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On “Divorce Court,” Star Jones Addresses the Court in a Unique Manner!

Divorce Court is the longest-running court show on television, and it will soon include Star Jones, a former co-host of The View. The seasoned media personality is no stranger to daytime talk shows. The first show of its kind, Jones & Jury, aired in 1994 and featured the former Brooklyn district attorney and prosecutor as the show’s presiding arbitrator. Jones returns to the iconic show to dish out some rough love and uncompromising truths.

Jones recently spoke with EBONY about her upcoming role on Divorce Court and her anticipation for the show’s upcoming season.

Jones, Star It’s a fitting conclusion to my professional life. I’ve made it my job since day one in television to give a platform to those who don’t have one. Incredible how that has held true for thirty years in people’s homes. I get to do it again! Developing this brand further is a tremendous opportunity.

I can attest that the new season of Divorce Court is a return to form, with the show’s hallmark blend of engaging viewers with genuine, relatable stories and encouraging them to put their own advice into practice.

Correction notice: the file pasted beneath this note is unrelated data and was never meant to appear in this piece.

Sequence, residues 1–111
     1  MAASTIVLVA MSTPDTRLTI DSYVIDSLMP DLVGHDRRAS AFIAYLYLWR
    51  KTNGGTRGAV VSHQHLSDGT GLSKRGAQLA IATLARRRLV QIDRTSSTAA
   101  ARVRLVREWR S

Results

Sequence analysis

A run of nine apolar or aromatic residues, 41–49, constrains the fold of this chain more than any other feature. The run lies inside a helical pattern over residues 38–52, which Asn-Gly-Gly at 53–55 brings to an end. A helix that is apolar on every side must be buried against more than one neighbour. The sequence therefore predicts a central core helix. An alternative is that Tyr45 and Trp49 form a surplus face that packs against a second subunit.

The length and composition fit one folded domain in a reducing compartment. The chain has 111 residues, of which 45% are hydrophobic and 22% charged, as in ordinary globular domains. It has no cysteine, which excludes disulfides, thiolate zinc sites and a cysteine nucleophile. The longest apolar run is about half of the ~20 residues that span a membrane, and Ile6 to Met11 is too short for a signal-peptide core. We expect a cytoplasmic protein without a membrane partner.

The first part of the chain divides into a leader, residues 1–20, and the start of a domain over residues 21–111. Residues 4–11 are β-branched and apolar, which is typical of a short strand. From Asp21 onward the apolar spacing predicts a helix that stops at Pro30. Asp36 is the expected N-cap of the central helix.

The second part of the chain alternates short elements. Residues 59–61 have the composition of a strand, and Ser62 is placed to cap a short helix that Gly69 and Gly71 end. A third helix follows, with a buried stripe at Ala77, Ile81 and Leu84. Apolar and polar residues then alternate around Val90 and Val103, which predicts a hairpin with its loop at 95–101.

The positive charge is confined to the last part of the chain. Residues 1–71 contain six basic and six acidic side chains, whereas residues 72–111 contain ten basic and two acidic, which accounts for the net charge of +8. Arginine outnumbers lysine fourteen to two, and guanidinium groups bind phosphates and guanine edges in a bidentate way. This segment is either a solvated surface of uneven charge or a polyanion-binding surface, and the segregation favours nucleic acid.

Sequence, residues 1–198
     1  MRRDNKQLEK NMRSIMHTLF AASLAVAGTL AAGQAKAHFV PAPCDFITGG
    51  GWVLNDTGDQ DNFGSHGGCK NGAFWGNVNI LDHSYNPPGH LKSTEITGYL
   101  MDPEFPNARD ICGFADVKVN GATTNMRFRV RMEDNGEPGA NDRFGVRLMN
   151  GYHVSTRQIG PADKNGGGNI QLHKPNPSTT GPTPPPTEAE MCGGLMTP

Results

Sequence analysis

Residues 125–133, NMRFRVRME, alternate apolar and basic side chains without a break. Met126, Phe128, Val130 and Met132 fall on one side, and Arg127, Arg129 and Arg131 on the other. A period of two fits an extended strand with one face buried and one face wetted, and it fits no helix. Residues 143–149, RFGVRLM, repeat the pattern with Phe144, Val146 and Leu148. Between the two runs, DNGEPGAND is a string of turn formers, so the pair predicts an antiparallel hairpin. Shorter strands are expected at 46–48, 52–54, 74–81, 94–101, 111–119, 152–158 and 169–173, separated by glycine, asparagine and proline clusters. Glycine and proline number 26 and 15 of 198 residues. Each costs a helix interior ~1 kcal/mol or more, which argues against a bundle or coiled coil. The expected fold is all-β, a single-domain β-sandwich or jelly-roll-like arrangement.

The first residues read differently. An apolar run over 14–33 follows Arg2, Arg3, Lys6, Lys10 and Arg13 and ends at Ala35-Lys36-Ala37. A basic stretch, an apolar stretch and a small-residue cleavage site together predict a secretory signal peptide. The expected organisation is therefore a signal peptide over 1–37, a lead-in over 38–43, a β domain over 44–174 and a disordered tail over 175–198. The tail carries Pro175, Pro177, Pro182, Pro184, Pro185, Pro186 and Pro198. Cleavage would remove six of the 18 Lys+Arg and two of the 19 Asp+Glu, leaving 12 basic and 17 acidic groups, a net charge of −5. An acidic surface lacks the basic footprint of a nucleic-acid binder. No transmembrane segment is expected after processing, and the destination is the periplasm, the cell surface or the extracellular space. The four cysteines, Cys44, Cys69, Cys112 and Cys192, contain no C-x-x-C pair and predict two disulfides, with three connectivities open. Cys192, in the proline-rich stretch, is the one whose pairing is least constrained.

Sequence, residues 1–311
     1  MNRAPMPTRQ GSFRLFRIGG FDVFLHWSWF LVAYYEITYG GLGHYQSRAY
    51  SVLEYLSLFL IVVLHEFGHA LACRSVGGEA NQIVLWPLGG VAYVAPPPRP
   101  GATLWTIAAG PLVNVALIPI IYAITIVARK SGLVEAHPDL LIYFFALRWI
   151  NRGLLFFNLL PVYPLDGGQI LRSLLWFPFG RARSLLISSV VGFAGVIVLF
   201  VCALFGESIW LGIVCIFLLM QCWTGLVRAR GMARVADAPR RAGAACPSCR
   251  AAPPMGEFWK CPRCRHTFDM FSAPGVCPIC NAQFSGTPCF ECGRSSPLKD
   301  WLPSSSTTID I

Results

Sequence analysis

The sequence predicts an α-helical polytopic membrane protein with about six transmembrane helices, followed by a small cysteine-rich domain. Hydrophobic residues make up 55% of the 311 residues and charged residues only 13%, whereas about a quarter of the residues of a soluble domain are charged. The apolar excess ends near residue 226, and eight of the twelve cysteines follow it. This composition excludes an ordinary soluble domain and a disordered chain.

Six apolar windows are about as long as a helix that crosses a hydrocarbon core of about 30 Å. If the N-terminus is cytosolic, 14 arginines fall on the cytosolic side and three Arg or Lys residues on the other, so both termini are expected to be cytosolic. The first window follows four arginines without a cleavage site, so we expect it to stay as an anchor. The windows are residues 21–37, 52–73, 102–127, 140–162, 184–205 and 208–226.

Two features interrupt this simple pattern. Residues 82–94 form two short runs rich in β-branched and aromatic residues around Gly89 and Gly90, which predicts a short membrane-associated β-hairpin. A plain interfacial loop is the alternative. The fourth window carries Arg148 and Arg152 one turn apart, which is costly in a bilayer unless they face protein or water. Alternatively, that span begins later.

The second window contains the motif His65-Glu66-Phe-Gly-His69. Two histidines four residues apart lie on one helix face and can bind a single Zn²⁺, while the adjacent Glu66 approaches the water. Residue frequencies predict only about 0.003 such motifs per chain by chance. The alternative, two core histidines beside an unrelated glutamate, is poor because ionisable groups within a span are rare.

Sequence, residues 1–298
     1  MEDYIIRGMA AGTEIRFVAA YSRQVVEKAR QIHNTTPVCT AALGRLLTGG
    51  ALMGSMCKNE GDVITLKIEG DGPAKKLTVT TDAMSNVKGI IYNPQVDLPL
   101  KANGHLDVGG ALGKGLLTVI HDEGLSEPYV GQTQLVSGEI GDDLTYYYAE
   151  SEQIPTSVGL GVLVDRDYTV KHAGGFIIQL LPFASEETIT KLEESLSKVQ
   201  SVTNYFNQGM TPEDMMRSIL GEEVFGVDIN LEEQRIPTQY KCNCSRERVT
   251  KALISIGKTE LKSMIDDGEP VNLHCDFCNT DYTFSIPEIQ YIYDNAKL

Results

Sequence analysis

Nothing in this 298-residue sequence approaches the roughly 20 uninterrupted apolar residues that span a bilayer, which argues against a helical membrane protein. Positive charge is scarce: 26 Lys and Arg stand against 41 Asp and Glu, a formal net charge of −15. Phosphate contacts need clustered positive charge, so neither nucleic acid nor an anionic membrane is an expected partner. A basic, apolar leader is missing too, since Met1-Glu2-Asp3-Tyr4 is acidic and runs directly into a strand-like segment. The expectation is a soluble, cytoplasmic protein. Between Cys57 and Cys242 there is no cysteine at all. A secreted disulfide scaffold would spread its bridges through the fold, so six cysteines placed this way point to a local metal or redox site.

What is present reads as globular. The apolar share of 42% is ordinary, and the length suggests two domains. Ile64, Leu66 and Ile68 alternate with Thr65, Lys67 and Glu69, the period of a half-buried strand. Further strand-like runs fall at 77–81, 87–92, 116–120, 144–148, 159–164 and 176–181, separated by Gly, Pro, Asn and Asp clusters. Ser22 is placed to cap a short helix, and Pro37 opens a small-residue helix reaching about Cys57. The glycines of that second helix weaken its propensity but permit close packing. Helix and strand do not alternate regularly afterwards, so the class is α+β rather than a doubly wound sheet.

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The show will feature the same lightheartedness and silliness as usual, but with a far more emphasis on empathy, and will focus on the difficulties that many American families are facing right now. With the support of the show’s producers and my fellow collaborators, I am able to provide the various litigants with the resources they need to succeed after they leave my courtroom.

It’s an honor to be given the chance to continue the work of three remarkable Black women—Judge Mablean, Judge Lynn, and Judge Faith—who have been at the helm of the Divorce Court since 1999. Honestly, I never expected to receive such a prestigious award in my lifetime.

Star Jones Holds Court in a New Way on 'Divorce Court

This season, I wanted to see more couples reach final resolutions about whether to end or prolong their marriage, engagement, or relationship.

That’s something that occurs in every single episode, I believe. The “hard blows of life” that come with 60 years in the game are likely to have something to do with that. Seeing it all on television is something I’m very much looking forward to doing since I adore it all.

Although every couple has its own unique dynamics, one thing that remains constant is the desire for at least one person to listen to the other person. The vast majority of couples maintain the illusion that they are talking properly when in fact they are not.

They claim to be communicating, but their partner isn’t receiving or processing the information they’re giving them about their needs, wants, and desires. They will unquestionably have their voices heard by the divorce judge.

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